Graziano’s is known as one of the best parrillas in Miami, and any of its three locations (Kendall, Hialeah) will prove it. All the meats are tender and just delicious. There’s a good wine list with lots of Malbecs – Argentinean red wine. The wall artwork showcasing the Gaucho culture and the sight of the asadero – grill- simply enhances the experience. The place is known for its meats, but those with a sweet tooth can’t leave without trying some of the desserts, such as panqueques con dulce de leche – flamed pancakes with caramel. Celebrating Argentina’s Italian roots, there’s a Graziano’s Pizzeria next to the Bird Road location that serves exquisite thin-crust, brick-oven pizza the way Argentinean’s enjoy it. Also, each restaurant has a market were you can find all kinds of Argentinean products, including meats, so you ca repeat the experience.

Other options around Coral Gables
Pampa Grill
Rincon Argentino Restaurant
Viñetas Porteñas

Downtown/ Brickell/Key Biscayne
The Knife Argentinian Steakhouse
This restaurant is the best place to go if you’ve never tried Argentinean food. Access to the all-you-can-eat buffet-style restaurant averages $25 and varies depending on the day and time. This will grant you access to the salad bar with the most traditional Argentinean salads, a selection of appetizers and sides and, most importantly, anything you can eat from the grill. If that’s too much to swallow, try doing it with the half-bottle of wine that comes included in the price. Traditional Argentine desserts and coffee have an additional cost.
Five locations: Bayside Marketplace; International Mall; Hallandale; Sunrise.

Other options around Downtown/Brickell/Key Biscayne

Tango Grill

Kendall/South Miami/Coconut Grove
La Estancia Argentina
This place is more of a deli-style market, butcher and bakery that sells ready-to-eat foods, fresh meats and facturas or pastries. Originated by a group of Argentine friends who longed for their specialty meat cuts, chorizos, empanadas, provoleta cheeses and Malbec wines, this market sells everything you need to prepare an Argentinean meal at home. It also has a large selection of chocolates and sweets that would make anyone who grew-up in Argentina weep of nostalgia.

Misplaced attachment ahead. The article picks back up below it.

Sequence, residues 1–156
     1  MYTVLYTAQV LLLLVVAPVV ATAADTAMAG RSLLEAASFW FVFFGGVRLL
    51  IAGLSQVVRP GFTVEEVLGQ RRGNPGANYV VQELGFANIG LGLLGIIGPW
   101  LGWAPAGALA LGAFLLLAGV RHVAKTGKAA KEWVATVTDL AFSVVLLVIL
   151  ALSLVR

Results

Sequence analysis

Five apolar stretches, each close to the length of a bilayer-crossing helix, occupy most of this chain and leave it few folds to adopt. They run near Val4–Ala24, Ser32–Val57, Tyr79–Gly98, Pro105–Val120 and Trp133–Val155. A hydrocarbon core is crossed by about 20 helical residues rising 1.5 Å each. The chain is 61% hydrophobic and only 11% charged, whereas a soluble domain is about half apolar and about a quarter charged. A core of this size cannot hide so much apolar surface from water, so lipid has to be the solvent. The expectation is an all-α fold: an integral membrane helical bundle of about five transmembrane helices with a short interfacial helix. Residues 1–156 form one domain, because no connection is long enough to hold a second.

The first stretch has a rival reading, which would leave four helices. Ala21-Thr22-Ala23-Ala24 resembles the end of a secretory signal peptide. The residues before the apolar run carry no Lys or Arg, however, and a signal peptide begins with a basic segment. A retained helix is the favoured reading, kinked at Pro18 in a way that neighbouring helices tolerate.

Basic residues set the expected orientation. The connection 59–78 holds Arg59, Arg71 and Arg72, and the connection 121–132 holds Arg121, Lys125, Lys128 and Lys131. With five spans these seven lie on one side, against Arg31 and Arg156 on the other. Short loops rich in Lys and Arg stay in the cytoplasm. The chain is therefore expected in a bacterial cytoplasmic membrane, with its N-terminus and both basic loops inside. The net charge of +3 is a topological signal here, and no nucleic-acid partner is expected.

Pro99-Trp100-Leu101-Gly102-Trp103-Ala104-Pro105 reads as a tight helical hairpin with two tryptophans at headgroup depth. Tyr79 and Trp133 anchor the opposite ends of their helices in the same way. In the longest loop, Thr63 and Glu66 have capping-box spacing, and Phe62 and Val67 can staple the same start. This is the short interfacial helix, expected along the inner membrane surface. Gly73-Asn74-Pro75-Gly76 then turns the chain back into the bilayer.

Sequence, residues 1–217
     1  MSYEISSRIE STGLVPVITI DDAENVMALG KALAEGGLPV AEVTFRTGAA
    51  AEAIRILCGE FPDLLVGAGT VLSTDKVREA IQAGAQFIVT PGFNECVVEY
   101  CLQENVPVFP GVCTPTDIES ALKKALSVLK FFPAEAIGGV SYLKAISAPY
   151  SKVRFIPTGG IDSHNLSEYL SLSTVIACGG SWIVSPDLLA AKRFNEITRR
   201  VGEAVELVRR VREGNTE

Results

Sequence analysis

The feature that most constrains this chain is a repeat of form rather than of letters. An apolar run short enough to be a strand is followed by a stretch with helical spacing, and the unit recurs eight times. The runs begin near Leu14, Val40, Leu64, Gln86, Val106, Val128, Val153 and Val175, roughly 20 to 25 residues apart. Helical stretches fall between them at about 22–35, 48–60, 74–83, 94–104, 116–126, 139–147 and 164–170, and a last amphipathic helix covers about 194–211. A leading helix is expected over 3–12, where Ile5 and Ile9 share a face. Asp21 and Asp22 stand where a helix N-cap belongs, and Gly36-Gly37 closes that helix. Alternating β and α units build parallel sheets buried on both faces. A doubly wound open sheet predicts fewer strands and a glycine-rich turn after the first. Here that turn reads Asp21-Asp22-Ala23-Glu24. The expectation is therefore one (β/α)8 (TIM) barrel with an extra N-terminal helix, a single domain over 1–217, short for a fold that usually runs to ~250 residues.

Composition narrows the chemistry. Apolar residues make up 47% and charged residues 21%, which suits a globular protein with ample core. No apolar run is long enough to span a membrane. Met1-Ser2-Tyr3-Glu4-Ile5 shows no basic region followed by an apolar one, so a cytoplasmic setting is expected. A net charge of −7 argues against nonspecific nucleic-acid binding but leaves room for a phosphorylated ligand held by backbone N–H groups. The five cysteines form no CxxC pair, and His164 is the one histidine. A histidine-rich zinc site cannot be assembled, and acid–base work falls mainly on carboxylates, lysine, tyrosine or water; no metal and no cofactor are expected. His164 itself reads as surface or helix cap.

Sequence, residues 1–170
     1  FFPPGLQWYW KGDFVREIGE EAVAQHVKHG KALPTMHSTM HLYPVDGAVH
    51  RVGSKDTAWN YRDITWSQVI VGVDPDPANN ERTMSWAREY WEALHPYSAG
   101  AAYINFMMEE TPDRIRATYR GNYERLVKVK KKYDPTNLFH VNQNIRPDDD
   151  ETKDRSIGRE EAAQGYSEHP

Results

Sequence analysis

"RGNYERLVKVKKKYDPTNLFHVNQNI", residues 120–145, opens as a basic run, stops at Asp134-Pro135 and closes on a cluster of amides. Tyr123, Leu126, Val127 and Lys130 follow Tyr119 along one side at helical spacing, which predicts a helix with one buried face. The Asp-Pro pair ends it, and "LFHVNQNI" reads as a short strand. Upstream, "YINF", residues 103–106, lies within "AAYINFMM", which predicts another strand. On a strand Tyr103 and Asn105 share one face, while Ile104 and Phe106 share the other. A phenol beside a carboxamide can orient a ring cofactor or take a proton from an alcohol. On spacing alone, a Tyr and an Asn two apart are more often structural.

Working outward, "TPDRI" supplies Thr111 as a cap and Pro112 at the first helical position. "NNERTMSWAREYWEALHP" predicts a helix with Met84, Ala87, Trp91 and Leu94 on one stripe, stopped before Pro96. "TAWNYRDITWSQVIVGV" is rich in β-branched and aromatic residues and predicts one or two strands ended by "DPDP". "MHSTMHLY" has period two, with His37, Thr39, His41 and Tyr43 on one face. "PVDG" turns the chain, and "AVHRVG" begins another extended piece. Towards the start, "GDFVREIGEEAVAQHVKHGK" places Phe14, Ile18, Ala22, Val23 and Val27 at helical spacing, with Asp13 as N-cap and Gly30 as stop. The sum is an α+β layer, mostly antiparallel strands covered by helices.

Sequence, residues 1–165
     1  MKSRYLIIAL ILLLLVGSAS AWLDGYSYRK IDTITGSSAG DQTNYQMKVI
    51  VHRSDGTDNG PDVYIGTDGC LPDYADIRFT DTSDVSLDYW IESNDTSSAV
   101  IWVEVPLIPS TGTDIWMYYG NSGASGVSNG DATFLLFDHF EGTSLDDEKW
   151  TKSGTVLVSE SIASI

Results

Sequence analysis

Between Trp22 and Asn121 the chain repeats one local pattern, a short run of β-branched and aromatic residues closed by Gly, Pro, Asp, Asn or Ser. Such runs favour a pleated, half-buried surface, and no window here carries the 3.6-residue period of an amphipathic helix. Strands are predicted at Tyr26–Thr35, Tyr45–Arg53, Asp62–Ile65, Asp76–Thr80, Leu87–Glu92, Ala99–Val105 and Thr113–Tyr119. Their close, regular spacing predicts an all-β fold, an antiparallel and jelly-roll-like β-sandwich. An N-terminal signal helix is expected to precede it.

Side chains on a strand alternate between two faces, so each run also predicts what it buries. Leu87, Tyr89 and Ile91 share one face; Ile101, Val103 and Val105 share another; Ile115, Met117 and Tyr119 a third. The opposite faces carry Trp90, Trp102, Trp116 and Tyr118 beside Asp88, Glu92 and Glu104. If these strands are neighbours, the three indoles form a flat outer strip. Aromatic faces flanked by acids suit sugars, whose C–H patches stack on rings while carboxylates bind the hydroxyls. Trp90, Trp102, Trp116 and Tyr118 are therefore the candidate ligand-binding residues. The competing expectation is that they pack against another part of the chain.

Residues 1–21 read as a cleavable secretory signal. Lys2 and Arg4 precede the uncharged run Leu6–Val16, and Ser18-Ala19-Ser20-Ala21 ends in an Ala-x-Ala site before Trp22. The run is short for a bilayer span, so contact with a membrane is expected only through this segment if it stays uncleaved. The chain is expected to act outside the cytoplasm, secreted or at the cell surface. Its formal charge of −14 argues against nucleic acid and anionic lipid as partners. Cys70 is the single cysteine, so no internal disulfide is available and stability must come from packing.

Four locations: Kendall; Coral Gables; North Miami; Miramar.

Other options around Kendall/South Miami/Coconut Grove
La Nueva Argentina
Pampa Grill
Tango Grill
The Knife Argentinian Steakhouse
Rincon Argentino Restaurant

Doral/West Miami/Sweetwater/Hialeah
La Patagonia Argentina
It’s a little hidden and difficult to find parking, but La Patagonia Argentina is a great option if you’re in this area. It serves homemade-style appetizers such as berenjena a la Napolitana – breaded eggplant layered with tomato sauce and cheese – and makes its own pastas and has all the traditional meat cuts. Its wine and champagne list is also great, as is the list of desserts.

Other Doral/West Miami/Sweetwater/Hialeah options
Carniceria Argentina La Estancia
(See review under Coral Gables restaurants)
The Knife Argentinian Steakhouse
(See review under Downtown restaurants)
Los Parrilleros
10775 NW 41 St., Doral; 305-597-0019
Tango Grill
11401 NW 12th St., Miami; 305-716-8682


Beef Eater
This is Broward’s finest Argentinean parrilla, located at the heart of Hollywood. The food selection includes all the Argentine favorites at an affordable price. Try the Gaucho plate for a sample of three meats. The spicy chimichurry at Beef Eater is said to be the best in the area as well. The restaurant also has an excellent Argentinean wine list. Go during peak hours to enjoy a complimentary glass of house wine while you wait.
1902 Hollywood Blvd, Hollywood; 954-920-4450

Other options in Broward
La Estancia Argentina
(See review under South Miami restaurants)
The Knife Argentinian Steakhouse
(See review under Downtown Miami restaurants)

Published: 11/08